Jasminum grandiflorum (synonym Jasminum officinale f. affine), a species of jasmine, has common names like Spanish jasmine, summer jasmine and poet's jasmine. Native to central Asia, this deciduous to partially evergreen climbing vine grows 15 to 25 feet tall. The pointy leaflets on the green leaves make an attractive foil for the 1.5-inch diameter flowers that are perfumed and white with pink-tinged petal edges. Grow it outdoors where winters are mild, in U.S. Department of Agriculture hardiness zones 7b and warmer.
Whether planted in a large container or in the ground outdoors, provide partial to full sun exposure to the poet's jasmine, meaning no less than six hours of direct sun daily. In hot summer climates or where air is arid, provide some shading across the hottest part of the afternoon for best looking foliage. If grown indoors as a houseplant, poet's jasmine needs as much direct sunlight as possible through windows.
From spring to late summer when the vine is actively growing and flowering, water the soil freely. The soil should be moist and well-draining, never dry or soggy/waterlogged. Touch the soil surface and to a depth of 1/2-inch with your fingertip to determine if the soil is slightly dry. If it is, you should add 1 to 2 inches of water. Irrigate to supplement natural rainfall. From mid-autumn through winter, reduce watering to prevent root rot or other fungal problems. Allow the soil to become slightly drier between waterings, adding no more than 1 inch of water.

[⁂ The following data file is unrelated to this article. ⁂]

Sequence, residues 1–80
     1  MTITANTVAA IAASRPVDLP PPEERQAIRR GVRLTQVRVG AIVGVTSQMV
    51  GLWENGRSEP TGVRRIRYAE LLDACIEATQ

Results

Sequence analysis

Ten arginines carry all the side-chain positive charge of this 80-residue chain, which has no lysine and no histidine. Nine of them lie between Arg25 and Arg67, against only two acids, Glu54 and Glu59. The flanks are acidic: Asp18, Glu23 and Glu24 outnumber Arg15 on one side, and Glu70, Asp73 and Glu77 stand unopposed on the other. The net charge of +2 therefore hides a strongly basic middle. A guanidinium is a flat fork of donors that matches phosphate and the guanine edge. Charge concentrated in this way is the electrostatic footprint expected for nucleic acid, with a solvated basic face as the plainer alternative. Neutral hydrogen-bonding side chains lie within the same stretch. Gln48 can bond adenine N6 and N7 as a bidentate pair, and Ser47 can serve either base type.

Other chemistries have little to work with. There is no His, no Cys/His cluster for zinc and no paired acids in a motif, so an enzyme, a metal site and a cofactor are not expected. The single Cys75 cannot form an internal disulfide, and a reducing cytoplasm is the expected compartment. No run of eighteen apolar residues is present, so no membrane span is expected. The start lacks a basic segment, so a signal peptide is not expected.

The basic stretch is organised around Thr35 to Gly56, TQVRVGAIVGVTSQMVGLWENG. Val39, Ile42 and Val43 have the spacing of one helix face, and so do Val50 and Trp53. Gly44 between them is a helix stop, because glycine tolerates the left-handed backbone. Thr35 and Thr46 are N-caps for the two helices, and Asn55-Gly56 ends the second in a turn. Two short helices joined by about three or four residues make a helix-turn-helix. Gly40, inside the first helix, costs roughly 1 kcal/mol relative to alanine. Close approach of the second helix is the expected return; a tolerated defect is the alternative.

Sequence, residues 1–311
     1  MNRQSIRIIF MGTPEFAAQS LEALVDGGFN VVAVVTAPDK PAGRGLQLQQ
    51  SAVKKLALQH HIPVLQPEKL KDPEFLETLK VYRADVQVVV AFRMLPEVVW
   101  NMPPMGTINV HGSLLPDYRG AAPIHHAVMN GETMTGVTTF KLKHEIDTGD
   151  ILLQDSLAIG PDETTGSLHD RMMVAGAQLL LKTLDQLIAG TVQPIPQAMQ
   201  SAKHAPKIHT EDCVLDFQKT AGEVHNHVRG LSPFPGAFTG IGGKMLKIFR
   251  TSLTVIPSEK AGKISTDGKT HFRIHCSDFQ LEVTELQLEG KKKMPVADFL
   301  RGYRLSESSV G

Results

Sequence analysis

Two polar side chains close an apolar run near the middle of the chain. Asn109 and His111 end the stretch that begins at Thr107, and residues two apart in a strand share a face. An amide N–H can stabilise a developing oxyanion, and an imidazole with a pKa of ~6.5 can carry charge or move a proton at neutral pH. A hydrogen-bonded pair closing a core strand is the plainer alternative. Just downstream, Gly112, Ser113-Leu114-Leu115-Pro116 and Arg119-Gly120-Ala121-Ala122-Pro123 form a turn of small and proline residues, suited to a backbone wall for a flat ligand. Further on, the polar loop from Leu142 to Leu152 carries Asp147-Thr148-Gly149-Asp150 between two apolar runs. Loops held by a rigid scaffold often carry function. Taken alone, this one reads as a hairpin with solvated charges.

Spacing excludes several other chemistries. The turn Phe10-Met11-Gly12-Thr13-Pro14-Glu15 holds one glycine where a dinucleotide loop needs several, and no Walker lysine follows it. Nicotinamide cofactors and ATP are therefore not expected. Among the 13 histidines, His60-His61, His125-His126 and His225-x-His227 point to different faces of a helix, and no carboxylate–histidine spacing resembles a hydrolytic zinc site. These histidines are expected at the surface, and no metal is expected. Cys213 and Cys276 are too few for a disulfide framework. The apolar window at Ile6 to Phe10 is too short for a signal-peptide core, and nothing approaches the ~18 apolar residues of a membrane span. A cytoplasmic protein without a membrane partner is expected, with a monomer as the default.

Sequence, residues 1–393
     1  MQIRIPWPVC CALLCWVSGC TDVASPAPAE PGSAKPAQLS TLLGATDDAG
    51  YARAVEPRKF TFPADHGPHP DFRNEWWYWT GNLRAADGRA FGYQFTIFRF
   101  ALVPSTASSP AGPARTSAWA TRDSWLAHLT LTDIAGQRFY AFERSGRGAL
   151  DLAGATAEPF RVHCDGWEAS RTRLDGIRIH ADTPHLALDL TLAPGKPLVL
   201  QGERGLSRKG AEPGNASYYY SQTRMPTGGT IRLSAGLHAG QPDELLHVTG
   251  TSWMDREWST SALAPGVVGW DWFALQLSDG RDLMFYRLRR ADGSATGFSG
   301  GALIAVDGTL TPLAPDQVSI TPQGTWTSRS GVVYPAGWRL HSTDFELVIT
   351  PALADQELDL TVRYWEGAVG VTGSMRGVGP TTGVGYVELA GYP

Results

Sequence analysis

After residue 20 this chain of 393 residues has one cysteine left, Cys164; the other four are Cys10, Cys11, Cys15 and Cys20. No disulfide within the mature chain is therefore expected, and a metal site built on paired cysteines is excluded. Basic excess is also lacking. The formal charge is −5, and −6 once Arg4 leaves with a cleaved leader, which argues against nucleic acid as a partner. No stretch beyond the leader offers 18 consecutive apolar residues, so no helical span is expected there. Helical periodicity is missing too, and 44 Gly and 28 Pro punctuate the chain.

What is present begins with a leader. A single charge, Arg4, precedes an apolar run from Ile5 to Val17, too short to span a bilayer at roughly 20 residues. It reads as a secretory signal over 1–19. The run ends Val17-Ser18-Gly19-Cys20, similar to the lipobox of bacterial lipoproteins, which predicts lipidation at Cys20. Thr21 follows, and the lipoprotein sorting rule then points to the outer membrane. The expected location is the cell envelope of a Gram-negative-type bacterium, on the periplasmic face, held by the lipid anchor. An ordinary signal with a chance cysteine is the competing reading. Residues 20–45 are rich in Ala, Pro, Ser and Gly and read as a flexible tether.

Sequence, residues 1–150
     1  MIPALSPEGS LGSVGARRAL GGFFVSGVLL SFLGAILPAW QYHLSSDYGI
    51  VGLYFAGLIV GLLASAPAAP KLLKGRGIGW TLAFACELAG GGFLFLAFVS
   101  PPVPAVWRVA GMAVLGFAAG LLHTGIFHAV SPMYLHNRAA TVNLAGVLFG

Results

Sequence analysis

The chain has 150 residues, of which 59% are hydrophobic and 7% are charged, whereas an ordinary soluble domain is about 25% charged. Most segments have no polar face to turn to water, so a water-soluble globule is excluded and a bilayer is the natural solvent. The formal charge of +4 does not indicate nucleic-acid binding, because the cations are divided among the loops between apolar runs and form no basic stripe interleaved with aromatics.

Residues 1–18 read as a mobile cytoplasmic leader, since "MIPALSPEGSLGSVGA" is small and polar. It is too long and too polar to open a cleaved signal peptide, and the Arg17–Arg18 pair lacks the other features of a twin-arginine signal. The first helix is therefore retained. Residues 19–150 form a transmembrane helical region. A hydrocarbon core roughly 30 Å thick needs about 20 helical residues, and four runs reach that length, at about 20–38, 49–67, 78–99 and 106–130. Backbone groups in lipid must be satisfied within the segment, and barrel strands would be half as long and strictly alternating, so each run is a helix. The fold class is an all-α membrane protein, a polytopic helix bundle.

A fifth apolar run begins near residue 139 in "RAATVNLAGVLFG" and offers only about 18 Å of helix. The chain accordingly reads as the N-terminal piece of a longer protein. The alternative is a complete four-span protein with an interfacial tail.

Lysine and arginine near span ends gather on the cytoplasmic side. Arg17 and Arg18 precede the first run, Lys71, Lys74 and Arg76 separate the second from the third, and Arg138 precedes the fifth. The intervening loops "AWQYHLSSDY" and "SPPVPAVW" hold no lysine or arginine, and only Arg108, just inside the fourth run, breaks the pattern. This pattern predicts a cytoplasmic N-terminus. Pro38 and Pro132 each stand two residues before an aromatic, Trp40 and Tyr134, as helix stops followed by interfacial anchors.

Fertilize Jasminum grandiflorum only in spring and summer when the plant is actively growing. Container-grown plants can be fed with a water-soluble fertilizer that is rich in potassium, as recommended by the Royal Horticultural Society. Overall, a well-balanced fertilizer suffices (10-10-10). The third number refers to the amount of potassium, so that could be higher than the others. Do not fertilize plants in the fall and winter. Outdoor vines can receive water-soluble feedings, but a slow-release granular fertilizer and organic mulches and compost are the best approach.
Jasminum grandiflorum produces its pink flower buds on last year's woody stems in the earliest parts of midsummer, and the mature current year's stems in late summer and early fall. If you must prune for size or rejuvenation, cut back stems to 1/3-inch above healthy lower leaf, bud or side branch. Prune in late summer or early fall as flowering subsides to allow new growth to mature before the later fall frosts. Alternatively, if you live in USDA hardiness zone 7, consider pruning early in spring and allow regrowth to mature over summer and produce its flowers a bit later. Remove damaged or diseased stems any time you encounter them.
A healthy, vigorously growing poet's jasmine typically is free of insect pests. Inadequate lighting can lead to infestations of aphids on new growth; spray with insecticidal soap to rid the plant of them. Indoors, be particularly vigilant to squish white mealybugs on stems and leaf undersides. Red spidermites occur under leaves when temperatures are hot and there is no air movement. Spray leaves with regular water to deter spidermite colonies.